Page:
The European Union Data Protection Supervisor has published its 2006 report. When set up under a 2001 EU regulation, this body was intended to play a key role in harmonising Europe’s data privacy laws and stiffening enforcement. Is it doing its job? Stephen Groom reports.
Who: The European Data Protection Supervisor
When: May 2007
Law stated as at: 30 May 2007
The European Data Protection Supervisor ("EDPS") published its 2006 Report. The EDPS was set up in 2004 by EU Regulation 45/2001/EC as an independent supervisory authority.
Each spring the EDPS reports its activities over the previous calendar year and its objectives for the current year to the European Parliament, the Council of Ministers and the European Commission.
One of its jobs is to ensure European Union institutions toe the data protection line in terms of personal data they process.
"Third pillar" aspirations
Another task is in the area of the so called "Third pillar." This is to work with national data protection supervisory authorities and bodies with a view to improving consistency across the Union in the protection of personal data. As one of marketinglaw's hobby horses has for long been the glaring discrepancies between member state application and enforcement of EU data privacy laws, this certainly seemed an encouraging step when the EDPS was first set up. So what did it achieve in this area in 2006?
Help to the Article 29 Working Party
The Report tells us that the body contributed to three opinions published by the so called Article 29 Working Party. This is another forum for cooperation between the data protection authorities of the EU.
Apart from this, the Report tells us that "Most of the attention during 2006 was placed on the interrelated framework decision proposals on data protection in the third pillar and on the exchange of information under the principle of availability." Hmmm.
Mention is also made of a "London Initiative" spearheaded by the French and UK data protection authorities and the EDPS. One of the objectives here is to spread awareness of European data protection laws and rights amongst individuals and businesses throughout Europe.
A conference looking at this topic was held in er… London and one of the main points agreed as part of the London Initiative was that data protection authorities across the EU should assess their efficiency and effectiveness and where necessary adapt their practices and that the excessive "legal" image of data protection must be corrected." Amen to that.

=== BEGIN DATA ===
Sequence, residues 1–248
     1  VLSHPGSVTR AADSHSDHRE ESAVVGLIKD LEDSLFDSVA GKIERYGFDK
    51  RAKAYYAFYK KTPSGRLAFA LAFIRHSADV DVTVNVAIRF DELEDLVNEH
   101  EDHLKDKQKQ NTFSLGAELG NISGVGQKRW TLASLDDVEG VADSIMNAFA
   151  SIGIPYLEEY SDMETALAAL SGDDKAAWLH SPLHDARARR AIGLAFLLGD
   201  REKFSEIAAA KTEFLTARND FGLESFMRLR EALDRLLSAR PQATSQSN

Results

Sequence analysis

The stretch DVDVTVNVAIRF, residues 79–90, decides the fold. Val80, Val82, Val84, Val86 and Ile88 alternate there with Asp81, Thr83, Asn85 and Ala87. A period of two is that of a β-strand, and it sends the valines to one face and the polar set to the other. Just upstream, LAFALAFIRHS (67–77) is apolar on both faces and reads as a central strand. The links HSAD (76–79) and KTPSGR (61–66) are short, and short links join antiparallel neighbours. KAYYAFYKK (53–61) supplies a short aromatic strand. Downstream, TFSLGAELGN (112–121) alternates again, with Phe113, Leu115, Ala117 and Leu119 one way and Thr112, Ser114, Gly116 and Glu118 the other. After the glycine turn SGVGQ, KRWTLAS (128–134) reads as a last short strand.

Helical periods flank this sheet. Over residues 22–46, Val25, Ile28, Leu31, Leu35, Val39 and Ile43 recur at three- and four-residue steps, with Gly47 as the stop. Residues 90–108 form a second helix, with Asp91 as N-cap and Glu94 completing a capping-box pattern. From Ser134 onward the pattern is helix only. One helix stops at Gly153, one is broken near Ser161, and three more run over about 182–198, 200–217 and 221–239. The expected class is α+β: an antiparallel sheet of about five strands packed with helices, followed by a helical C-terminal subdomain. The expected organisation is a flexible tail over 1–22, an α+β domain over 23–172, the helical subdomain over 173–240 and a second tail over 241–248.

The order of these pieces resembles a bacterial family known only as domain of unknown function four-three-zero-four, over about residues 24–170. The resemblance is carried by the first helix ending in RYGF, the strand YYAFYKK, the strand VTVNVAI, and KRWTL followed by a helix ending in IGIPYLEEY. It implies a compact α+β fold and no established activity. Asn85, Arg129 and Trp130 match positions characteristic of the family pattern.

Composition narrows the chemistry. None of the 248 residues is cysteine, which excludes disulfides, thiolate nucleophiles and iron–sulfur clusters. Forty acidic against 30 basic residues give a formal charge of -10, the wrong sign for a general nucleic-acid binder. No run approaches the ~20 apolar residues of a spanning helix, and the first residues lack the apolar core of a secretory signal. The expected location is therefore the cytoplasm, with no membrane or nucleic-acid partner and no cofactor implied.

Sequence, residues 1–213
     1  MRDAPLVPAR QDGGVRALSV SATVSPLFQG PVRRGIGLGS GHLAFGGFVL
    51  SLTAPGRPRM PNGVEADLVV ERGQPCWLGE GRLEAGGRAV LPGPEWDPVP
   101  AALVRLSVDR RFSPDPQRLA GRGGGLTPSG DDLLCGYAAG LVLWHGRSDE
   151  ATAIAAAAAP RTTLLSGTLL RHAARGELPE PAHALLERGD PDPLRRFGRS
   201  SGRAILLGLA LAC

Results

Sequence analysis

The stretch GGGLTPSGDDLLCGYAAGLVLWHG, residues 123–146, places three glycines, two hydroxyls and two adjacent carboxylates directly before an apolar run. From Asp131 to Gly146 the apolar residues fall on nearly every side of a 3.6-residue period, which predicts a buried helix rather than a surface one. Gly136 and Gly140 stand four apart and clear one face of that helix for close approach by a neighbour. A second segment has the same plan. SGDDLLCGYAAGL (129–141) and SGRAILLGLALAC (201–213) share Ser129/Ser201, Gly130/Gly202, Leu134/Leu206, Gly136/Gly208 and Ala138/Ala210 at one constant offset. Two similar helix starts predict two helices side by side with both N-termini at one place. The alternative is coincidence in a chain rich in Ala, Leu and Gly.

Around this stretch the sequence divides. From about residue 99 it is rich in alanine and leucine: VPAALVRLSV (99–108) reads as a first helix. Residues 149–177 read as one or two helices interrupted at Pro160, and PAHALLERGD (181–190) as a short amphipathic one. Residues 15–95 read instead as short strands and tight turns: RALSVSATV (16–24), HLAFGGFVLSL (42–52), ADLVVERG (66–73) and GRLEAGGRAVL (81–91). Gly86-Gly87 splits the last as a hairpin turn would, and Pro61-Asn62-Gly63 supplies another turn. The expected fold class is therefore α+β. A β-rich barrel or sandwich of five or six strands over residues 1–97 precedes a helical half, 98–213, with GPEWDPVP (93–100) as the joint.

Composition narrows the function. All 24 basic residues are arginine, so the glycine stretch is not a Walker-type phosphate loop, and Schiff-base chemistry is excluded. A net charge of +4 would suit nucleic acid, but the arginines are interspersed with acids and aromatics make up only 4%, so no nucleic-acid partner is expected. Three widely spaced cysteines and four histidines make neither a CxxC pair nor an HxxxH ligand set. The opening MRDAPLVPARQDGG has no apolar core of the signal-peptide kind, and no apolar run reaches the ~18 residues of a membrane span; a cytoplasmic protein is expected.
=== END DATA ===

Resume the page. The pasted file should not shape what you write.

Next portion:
And give or take a few other international conferences that seems to be more or less it.
So far so uninspiring, but maybe the EDPS be going up a gear on the "third pillar" in 2007, thus justifying its increased budget allocation of €4 million and increased staff numbers of 24?
Objective # Seven for 2007 in the executive summary and the full report tells us under the intriguing heading "Data protection in third pillar" that "Special attention will be given to the development and adoption of a general framework for data protection in the third pillar. The EDPS will also closely follow proposals for exchange of personal data across borders or that provide access to private or public sector data for law enforcement purposes."
Objective #8 entitled "Communicating data protection" says that EDPS will give strong support to follow up activities of the London Initiative aiming at "communicating data protection and making it more effective." This will involve activities from "raising awareness" to "better implementation" and "effective enforcement" of data protection principles."
And that seems to be it.
Why this matters:
Clearly the EDPS has a fair amount on the rest of its plate in monitoring and supervising data protection law compliance by the sprawling EU institutions. But in the so called "third pillar" areas, where so much work is desperately needed if Europe's data protection laws are to be uniformly respected, enforced and complied with, little progress appears to have been made beyond platitudes and some background help to the Article 29 Working party.
Looking at the objectives for 2007, this picture looks unlikely to undergo violent change anytime soon and one cannot help asking whether the EDPS as currently constituted and funded is the right body to be discharging such a weighty and important responsibility. Perhaps it might be better shorn of its so called "Third pillar" harmonisation role and the job given to an upgraded Article 29 Working Party?
Head of Marketing and Privacy Law
Osborne Clarke, London